The reason for U.S. obstruction is primarily not the administration, however, but Congress. Gold sales would require Congressional approval.

And the reason for Congressional opposition is the Colorado-based Newmont Mining Co.

Newmont and the gold industry have lobbied Congress hard on this issue. Earlier this year, the industry orchestrated a letter signed by 12 Western state senators opposing IMF gold sales.

The reason for industry opposition is the fear that IMF gold sales will depress the world price for gold. But the fear is misplaced: the way to do such gold sales, as the IMF itself has stated, is in the context of the Central Bank Gold Agreement. The European central banks annually sell a significant amount of gold, according to a schedule that the market has already taken into account. The IMF sales would be made in the context of this agreement. The central banks would simply sell less, so there would be no net increase in gold sales.

We asked Newmont spokesperson Doug Hock: Doesn't the IMF's proposal, which would preserve the gold price, address the company's concerns?

But an initial comment that it might, in theory, was quickly qualified by a statement that he hadn't seen the IMF proposal.

So we sent it to him.

Subsequent calls and e-mails haven't been returned.

Meanwhile, the World Gold Council, an industry association, says it can't comment on the IMF proposal because it hasn't been made public. But IMF Managing Director Rodrigo de Rato has specified that IMF gold sales would be conducted in the context of the Central Bank Gold Agreement to preserve gold price. And while the IMF's technical proposal hasn't officially been made public, it is widely available.

Newmont's misguided and groundless opposition is on the brink of sabotaging IMF debt cancellation -- thus ensuring millions of poor people will suffer needlessly. This is a life-and-death matter.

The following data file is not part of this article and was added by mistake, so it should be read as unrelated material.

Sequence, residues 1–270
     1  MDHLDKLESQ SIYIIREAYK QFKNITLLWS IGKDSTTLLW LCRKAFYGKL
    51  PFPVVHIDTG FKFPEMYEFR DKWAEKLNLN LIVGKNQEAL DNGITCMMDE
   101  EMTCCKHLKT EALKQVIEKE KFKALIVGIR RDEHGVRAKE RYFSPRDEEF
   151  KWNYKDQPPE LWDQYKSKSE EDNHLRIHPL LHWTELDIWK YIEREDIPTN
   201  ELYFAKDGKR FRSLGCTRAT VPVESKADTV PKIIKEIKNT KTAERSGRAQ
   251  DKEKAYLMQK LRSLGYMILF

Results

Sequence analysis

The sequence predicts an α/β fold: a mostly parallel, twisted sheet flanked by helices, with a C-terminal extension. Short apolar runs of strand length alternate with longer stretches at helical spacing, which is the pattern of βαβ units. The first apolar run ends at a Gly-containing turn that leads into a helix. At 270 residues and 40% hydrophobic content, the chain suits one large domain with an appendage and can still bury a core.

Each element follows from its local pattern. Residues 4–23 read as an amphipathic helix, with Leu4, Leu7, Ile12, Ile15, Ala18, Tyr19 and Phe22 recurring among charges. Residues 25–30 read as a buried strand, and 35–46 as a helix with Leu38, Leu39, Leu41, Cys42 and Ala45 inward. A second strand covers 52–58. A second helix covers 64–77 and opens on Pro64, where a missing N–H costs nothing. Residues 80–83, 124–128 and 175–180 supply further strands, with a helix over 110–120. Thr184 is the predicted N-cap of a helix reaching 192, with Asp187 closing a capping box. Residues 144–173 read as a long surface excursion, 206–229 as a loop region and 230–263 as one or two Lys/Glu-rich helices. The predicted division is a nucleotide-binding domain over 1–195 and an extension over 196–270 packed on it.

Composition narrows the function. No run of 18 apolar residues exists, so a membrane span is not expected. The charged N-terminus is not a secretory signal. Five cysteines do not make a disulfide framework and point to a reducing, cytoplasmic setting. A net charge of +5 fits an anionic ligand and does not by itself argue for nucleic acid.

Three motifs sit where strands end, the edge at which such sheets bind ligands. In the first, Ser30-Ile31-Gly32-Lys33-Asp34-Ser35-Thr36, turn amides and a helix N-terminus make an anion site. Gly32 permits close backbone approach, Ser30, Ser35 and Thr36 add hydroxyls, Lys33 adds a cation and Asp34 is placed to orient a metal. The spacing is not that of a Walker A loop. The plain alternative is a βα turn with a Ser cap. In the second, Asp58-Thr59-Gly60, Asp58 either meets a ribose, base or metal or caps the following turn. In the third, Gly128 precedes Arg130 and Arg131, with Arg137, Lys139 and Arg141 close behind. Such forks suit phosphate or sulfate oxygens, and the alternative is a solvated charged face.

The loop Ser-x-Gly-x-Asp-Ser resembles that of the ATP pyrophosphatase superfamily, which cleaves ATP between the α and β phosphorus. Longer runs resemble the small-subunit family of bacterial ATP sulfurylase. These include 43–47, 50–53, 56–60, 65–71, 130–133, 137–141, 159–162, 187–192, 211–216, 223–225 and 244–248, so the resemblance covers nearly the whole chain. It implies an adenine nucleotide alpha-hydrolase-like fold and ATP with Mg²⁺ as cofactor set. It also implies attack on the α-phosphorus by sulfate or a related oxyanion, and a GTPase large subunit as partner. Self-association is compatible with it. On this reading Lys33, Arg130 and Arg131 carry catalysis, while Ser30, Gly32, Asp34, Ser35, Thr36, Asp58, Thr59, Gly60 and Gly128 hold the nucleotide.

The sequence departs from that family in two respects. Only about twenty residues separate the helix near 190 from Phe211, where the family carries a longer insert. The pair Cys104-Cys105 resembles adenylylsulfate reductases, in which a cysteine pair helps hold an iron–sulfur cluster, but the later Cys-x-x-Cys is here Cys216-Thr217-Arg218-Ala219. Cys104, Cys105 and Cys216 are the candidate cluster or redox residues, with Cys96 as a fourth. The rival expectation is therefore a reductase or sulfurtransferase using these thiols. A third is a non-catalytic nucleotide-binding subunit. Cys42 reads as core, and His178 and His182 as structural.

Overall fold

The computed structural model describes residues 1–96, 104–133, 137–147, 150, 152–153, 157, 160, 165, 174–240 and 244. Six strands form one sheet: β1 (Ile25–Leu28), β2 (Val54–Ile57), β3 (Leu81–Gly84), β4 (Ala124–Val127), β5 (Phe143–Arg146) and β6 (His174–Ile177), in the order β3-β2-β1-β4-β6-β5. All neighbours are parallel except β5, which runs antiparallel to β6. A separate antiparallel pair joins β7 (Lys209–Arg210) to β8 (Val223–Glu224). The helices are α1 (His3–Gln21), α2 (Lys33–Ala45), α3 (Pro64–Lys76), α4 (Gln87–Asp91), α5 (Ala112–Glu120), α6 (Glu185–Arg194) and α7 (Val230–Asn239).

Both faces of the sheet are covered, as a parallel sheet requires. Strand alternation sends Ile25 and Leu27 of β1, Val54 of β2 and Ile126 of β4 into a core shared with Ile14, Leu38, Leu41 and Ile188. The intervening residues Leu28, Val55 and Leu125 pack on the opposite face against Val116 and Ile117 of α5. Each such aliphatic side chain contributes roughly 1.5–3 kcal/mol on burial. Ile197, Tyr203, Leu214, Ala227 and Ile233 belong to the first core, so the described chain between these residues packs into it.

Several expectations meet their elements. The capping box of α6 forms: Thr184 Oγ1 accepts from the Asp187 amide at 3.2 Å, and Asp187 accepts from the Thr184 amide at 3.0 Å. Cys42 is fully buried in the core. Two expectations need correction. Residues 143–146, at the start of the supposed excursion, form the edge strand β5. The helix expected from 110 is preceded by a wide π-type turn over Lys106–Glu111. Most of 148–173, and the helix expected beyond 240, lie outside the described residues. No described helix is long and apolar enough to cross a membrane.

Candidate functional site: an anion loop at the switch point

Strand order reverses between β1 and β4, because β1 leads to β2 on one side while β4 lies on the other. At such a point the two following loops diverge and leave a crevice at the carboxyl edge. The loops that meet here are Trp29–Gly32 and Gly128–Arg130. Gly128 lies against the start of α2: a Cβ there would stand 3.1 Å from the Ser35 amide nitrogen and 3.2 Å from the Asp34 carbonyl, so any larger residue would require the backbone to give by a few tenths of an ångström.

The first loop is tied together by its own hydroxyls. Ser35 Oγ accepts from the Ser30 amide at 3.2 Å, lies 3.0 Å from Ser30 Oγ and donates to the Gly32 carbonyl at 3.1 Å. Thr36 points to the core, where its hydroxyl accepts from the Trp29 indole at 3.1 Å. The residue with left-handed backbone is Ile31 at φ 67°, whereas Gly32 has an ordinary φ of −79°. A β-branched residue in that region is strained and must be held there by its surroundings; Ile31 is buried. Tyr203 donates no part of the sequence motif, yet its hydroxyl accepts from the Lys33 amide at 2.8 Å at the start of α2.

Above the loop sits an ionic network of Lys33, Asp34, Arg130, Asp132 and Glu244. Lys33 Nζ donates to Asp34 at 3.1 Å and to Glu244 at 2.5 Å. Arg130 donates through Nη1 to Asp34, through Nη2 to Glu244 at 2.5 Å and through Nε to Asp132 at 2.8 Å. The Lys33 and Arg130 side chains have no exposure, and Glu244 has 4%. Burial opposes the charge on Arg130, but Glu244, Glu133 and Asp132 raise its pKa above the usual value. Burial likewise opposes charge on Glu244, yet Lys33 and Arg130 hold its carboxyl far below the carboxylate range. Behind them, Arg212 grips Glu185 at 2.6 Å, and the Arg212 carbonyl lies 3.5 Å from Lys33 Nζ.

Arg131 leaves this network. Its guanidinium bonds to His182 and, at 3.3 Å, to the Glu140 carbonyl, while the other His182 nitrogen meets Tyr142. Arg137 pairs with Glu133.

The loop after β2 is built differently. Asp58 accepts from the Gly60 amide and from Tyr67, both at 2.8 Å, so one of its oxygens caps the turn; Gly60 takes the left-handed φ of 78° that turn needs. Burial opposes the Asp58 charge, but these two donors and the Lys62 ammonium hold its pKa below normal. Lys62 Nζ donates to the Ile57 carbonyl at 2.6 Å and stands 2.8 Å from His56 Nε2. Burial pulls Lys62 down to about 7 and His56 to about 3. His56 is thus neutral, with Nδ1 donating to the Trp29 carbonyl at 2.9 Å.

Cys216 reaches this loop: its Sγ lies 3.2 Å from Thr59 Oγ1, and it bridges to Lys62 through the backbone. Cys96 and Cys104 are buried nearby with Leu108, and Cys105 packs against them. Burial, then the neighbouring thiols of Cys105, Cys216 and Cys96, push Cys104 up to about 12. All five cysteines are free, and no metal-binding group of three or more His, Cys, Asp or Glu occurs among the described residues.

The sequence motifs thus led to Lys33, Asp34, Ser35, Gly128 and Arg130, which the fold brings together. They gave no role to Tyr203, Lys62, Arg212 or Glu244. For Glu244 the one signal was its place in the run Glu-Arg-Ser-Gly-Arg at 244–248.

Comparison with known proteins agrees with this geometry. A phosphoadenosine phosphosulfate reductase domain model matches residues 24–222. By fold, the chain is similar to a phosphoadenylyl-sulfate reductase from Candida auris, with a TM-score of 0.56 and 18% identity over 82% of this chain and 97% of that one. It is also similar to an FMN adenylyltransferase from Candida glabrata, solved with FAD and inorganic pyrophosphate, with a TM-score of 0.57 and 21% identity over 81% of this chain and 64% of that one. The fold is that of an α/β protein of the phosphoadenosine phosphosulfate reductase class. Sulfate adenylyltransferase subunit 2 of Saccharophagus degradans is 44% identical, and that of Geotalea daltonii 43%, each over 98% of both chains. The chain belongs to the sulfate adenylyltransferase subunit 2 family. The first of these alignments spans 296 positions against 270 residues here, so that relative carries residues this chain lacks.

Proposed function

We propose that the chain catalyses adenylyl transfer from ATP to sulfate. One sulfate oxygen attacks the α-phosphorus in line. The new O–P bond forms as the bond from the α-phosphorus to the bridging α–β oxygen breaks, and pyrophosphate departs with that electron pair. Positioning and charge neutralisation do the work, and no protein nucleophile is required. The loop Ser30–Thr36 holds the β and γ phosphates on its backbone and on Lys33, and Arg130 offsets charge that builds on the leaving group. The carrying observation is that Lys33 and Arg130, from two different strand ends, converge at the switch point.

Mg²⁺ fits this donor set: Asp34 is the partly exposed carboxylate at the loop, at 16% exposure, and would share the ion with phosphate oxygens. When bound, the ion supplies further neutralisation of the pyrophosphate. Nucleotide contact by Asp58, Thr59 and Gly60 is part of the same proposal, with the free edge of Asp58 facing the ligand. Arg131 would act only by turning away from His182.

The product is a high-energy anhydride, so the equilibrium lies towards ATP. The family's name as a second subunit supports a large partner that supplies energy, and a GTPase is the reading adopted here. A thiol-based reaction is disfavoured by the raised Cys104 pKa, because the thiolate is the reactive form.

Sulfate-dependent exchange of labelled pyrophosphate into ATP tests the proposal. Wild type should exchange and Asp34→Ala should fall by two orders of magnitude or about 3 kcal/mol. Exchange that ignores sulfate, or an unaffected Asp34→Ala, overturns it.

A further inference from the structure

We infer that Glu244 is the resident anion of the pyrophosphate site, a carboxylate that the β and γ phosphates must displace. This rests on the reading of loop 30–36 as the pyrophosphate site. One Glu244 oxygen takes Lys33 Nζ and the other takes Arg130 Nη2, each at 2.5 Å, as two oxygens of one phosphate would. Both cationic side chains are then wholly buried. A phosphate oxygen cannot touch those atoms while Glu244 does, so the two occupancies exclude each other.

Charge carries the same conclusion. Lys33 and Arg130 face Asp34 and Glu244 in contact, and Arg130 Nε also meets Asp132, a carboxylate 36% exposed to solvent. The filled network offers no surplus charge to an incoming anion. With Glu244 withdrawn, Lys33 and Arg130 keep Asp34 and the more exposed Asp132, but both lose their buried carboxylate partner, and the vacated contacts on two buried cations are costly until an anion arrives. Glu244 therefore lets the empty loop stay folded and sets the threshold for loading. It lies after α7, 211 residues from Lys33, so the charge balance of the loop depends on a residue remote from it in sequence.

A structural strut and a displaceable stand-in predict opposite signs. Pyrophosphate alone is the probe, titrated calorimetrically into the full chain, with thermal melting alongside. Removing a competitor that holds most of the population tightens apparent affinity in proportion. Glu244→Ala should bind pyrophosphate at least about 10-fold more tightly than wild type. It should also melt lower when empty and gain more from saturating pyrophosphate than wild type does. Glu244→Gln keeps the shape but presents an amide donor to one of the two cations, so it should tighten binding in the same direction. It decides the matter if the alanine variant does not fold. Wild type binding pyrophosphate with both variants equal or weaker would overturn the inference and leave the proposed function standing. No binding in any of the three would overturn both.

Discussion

Time is running short for Newmont to reverse its position: A deal on debt cancellation is likely to be announced at the G8 summit in July, and if IMF debt is not part of the deal, it may fall of the radar screen for the foreseeable future.

There is hope. Since Newmont has no discernible, material interest in opposing IMF gold sales, with enough public outrage, it might be persuaded to reverse its position.

To contact Newmont, and for more information on the issue, go to:

To send a free fax to Newmont via Global Exchange, go to:

Our work is licensed under Creative Commons (CC BY-NC-ND 3.0). Feel free to republish and share widely.

Russell Mokhiber

Russell Mokhiber is editor of the Washington, D.C.-based Corporate Crime Reporter. He is also founder of, and editor of the website Morgan County USA.

Robert Weissman

Robert Weissman

Robert Weissman is the president of Public Citizen. Weissman was formerly director of Essential Action, editor of Multinational Monitor, a magazine that tracks corporate actions worldwide, and a public interest attorney at the Center for Study of Responsive Law. He was a leader in organizing the 2000 IMF and World Bank protests in D.C. and helped make HIV drugs available to the developing world.